For people who read a lot they will probably know this was an important short story in
American Literature. It’s first inception was not a film though two films have been made of this story, neither kept to the plot.
It was written by the wonderful author James Thurber. I love his tales. I have read him off and on for years and he had such a creative, humorous imagination. He was born in 1894, the same year my maternal grandparents were born though they were a few months older than him. He was a cartoonist, humorist, journalist, playwright, children’s book author and wit. He was best known for short stories and cartoons published in the New Yorker. (Wikipedia).
The Secret Life of Walter Mitty was first published in The New Yorker magazine March 18, 1939. It is a story about a man who day dreamed his life away. How often do we do that? I was a great day dreamer especially as I sat in school classes and it never really disappeared much into adulthood.
The story begins in Connecticut with Walter driving his wife into the city to do the shopping and have her hair done. Walter doesn’t pay much attention to the real world, but instead lives in a dreamlike state of heroic antics.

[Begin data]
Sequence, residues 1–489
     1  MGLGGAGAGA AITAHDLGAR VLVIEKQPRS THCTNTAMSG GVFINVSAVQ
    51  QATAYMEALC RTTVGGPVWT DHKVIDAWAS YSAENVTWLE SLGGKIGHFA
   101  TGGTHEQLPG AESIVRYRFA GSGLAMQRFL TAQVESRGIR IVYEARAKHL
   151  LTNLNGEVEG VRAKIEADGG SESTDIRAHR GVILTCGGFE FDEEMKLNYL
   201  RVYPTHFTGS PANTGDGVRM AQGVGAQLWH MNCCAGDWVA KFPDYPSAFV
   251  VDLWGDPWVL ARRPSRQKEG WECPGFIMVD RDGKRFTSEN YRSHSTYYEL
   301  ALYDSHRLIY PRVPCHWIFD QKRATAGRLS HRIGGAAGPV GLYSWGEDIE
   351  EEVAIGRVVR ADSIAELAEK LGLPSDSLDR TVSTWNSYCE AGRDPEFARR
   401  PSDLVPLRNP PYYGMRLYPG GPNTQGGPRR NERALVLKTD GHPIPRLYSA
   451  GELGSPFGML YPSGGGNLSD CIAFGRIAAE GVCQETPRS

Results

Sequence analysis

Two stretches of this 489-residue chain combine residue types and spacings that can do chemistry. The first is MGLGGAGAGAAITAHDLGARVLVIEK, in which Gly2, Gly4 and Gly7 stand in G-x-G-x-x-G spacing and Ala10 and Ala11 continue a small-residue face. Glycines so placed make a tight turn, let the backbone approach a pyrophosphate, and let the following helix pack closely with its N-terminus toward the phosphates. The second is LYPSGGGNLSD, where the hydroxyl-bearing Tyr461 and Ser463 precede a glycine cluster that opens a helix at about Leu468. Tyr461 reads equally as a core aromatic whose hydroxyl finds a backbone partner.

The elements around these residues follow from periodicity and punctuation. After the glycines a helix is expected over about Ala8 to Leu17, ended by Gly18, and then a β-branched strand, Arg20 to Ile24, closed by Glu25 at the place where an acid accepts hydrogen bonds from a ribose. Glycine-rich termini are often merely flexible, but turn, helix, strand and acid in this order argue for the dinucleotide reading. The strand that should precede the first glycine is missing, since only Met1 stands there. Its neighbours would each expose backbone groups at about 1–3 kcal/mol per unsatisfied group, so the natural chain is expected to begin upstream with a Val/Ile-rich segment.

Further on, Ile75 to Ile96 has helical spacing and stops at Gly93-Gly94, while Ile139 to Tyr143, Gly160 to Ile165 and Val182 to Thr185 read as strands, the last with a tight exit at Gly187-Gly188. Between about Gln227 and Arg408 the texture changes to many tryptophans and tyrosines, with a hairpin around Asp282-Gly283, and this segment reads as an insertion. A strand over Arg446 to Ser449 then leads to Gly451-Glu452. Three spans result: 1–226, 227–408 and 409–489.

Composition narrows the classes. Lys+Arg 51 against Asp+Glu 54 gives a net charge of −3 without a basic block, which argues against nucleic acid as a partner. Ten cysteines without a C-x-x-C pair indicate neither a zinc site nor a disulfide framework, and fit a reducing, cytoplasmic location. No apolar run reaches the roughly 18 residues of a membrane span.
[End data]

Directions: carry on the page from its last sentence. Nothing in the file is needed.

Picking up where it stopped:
As they drive into town his wife tells him to quit driving so quickly. He goes into his imagination and sees himself as a pilot of a US Navy flying boat in a storm. There is a brief description of this episode of heroism. As they drive past a hospital he suddenly turns into a wonderful surgeon performing the trickiest of operations to save the life of his patient.
Once past the hospital something else catches his imagination and he becomes a deadly assassin testifying in a courtroom. Soon afterwards he is a Royal Air Force pilot volunteering for a secret suicide mission to bomb an ammunition dumb.
Once the trip into town is complete he sees him self standing against a wall facing a firing squad. Each imaginative event is inspired by some detail of his hum drum life.
James Thurber’s stories and cartoons often displayed meek mannered men dominated by overweight, domineering wives. It seems to be a joke repeated often over time, especially in cartoons.
I remember the discussions of the story as far back as high school as his short stories, this one as well as The Catbird Seat were often taught in high school English classes. I wonder if they still are. I loved him and his stories.
This story begins the exploration of the book, Funny Ha Ha, I talked about in a previous post.